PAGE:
The word "unbelieving" is translated from a word that means "faithless." Everyone has faith in someone or something. "But without faith it is impossible to please him; for he that cometh to God must believe that he is, and that he is a rewarder of them that diligently seek him" (Hebrews 11:6). We choose either to believe in God, or to believe in something else–men, naturalism, worldly wisdom, etc. Faith or belief in Jesus Christ as the divine Son of God is absolutely essential to being saved (John 8:24, Acts 16:30-31, Ephesians 2:8-9). How can we obtain such faith? "So then faith cometh by hearing, and hearing by the word of God" (Romans 10:17). God has caused to be written in the scriptures everything we need to "believe that Jesus is the Christ, the Son of God" (John 20:30-31). However, true, saving faith is more than just accepting the existence of God and recognizing the deity of His Son. It demands that we act in obedience to the Lord’s commands. "For in Christ Jesus neither circumcision availeth any thing, nor uncircumcision; but faith which worketh by love" (Galatians 5:6). [Note: this paragraph was somehow not included when the article was originally printed.]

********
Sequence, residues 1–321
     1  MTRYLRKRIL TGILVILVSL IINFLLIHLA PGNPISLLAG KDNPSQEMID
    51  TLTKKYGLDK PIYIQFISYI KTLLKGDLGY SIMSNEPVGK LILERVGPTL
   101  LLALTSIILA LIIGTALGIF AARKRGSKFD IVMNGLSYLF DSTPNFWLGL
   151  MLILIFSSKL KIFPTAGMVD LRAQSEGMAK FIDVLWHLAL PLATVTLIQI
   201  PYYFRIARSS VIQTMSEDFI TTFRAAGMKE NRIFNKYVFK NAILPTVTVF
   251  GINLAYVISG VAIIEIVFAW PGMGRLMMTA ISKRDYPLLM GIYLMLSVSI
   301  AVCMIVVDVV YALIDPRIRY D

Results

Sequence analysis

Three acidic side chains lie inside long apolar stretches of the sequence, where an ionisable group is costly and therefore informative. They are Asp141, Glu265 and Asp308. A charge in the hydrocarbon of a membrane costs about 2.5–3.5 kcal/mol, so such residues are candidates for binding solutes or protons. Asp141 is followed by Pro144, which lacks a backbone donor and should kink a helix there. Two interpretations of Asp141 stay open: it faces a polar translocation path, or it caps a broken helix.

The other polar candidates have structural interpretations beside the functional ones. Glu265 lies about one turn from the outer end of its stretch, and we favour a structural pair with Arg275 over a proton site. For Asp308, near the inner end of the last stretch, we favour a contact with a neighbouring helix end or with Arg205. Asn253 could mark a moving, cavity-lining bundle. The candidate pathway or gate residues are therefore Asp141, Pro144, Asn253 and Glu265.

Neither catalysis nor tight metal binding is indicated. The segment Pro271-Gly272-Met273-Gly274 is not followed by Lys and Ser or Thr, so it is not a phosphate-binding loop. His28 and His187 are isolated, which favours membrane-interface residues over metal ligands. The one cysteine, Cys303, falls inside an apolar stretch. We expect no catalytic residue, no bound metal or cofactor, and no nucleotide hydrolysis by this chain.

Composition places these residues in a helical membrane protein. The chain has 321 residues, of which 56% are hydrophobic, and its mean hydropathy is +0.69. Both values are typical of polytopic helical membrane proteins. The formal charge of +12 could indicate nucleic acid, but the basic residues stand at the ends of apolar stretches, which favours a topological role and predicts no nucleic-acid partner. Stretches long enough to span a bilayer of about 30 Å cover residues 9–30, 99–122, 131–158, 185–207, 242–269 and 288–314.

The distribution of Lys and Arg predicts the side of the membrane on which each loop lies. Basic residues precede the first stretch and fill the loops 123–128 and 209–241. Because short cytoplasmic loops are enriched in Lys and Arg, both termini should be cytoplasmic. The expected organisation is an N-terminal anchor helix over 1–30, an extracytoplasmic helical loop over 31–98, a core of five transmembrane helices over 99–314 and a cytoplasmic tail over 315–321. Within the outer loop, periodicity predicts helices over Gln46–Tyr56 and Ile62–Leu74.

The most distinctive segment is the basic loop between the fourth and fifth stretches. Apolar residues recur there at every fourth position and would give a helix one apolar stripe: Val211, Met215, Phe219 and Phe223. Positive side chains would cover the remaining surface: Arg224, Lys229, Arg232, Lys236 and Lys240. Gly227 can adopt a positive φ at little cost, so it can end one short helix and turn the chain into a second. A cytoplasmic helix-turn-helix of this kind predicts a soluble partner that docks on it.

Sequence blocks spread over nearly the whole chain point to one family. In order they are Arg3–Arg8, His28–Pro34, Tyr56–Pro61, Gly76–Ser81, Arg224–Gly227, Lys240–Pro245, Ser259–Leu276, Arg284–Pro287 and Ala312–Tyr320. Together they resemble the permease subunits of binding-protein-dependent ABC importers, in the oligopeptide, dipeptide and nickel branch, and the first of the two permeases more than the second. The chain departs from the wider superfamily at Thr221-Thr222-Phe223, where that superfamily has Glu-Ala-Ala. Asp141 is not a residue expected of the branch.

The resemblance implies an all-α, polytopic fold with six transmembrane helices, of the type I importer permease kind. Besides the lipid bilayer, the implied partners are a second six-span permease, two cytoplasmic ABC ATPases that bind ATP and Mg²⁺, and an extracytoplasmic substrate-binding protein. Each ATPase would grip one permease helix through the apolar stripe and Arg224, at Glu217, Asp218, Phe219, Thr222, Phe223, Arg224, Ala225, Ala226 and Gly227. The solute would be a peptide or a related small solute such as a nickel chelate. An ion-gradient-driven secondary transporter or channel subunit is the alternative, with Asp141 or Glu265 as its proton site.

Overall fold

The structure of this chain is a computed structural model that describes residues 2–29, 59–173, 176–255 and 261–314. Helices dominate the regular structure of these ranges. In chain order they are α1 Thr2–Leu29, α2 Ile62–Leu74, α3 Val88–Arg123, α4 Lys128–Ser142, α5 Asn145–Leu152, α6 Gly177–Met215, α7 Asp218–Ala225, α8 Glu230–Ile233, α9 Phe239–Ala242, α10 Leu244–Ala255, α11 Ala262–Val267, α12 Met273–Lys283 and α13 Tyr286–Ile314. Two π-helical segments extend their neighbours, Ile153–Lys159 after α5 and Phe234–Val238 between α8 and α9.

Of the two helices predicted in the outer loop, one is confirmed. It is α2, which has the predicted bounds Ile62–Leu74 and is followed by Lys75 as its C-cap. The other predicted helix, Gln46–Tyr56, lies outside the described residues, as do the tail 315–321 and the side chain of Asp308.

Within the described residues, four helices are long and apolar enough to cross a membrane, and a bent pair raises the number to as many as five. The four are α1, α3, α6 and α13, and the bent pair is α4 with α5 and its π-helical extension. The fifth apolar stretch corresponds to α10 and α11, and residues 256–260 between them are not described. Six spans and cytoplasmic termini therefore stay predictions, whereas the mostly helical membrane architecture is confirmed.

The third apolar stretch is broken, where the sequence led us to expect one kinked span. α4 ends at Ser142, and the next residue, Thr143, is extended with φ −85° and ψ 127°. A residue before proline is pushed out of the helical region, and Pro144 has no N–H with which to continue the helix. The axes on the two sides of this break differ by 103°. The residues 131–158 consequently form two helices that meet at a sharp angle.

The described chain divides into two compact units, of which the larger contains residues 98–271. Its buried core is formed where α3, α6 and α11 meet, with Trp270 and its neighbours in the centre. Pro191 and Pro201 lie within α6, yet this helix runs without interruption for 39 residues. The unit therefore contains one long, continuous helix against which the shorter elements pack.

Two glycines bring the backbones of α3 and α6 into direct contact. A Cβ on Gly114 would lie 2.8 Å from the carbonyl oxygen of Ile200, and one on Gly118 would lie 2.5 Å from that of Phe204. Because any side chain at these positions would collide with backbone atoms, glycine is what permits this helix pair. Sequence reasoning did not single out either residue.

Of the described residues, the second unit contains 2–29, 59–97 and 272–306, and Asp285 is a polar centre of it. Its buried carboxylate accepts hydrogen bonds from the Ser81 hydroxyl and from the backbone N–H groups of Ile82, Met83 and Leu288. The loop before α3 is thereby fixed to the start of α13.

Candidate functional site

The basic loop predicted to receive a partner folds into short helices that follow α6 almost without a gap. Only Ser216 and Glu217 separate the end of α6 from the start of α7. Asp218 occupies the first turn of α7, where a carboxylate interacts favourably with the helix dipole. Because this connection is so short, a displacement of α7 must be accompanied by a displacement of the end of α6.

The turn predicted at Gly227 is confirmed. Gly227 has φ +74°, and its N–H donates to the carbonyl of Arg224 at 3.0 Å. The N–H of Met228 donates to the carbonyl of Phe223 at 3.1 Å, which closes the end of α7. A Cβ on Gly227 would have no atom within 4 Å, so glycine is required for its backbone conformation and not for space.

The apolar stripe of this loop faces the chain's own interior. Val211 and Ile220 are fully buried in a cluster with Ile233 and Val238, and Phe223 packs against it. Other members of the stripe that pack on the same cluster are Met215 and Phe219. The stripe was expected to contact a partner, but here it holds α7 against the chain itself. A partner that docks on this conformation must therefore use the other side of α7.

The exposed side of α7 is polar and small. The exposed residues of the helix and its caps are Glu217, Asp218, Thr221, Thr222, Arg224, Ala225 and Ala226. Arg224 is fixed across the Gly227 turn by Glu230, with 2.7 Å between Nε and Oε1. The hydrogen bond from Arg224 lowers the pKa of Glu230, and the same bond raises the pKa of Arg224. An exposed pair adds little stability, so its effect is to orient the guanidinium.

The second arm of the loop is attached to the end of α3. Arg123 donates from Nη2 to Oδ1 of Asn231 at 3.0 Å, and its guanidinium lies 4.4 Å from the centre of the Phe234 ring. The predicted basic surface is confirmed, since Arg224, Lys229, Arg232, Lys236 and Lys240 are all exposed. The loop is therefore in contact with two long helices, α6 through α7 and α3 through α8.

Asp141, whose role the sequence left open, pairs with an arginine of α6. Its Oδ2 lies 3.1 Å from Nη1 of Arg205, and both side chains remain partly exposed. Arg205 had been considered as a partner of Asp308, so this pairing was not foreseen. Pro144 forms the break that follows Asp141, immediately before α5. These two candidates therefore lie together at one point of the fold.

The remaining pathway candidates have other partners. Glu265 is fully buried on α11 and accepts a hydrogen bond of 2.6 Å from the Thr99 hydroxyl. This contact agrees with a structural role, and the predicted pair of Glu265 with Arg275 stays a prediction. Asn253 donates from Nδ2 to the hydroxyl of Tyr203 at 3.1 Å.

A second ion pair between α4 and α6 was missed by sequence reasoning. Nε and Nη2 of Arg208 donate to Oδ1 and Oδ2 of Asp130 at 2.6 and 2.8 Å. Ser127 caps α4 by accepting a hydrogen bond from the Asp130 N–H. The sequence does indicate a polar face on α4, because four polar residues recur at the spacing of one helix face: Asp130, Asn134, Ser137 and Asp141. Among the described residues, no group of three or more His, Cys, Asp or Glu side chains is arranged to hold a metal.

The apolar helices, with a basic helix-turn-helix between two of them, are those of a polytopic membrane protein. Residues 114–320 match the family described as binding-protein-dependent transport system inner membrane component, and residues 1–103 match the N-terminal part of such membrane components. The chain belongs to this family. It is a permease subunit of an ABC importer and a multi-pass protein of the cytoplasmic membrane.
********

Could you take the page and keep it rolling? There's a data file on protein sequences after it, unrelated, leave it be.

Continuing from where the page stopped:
Next, there are those described as abominable. The root of this word meant "to stink or cause a stench." Thus it means "foul, defiled, polluted." It is used spiritually in Titus 1:15-16. "Unto the pure all things are pure: but unto them that are defiled and unbelieving is nothing pure; but even their mind and conscience is defiled. They profess that they know God; but in works they deny him, being abominable, and disobedient, and unto every good work reprobate." In this passage Paul identifies those who are so depraved and corrupt that their every thought was evil. They could take even the most harmless and innocent situations and, in their twisted minds, make them into something perverted. It sounds like mankind of Noah’s day, of whom Moses wrote, "Every imagination of the thoughts of his heart was only evil continually" (Genesis 6:5). The reason people are abominable in their way of living is that they are abominable in their way of thinking (Proverbs 23:7). Is this not true of many in our society?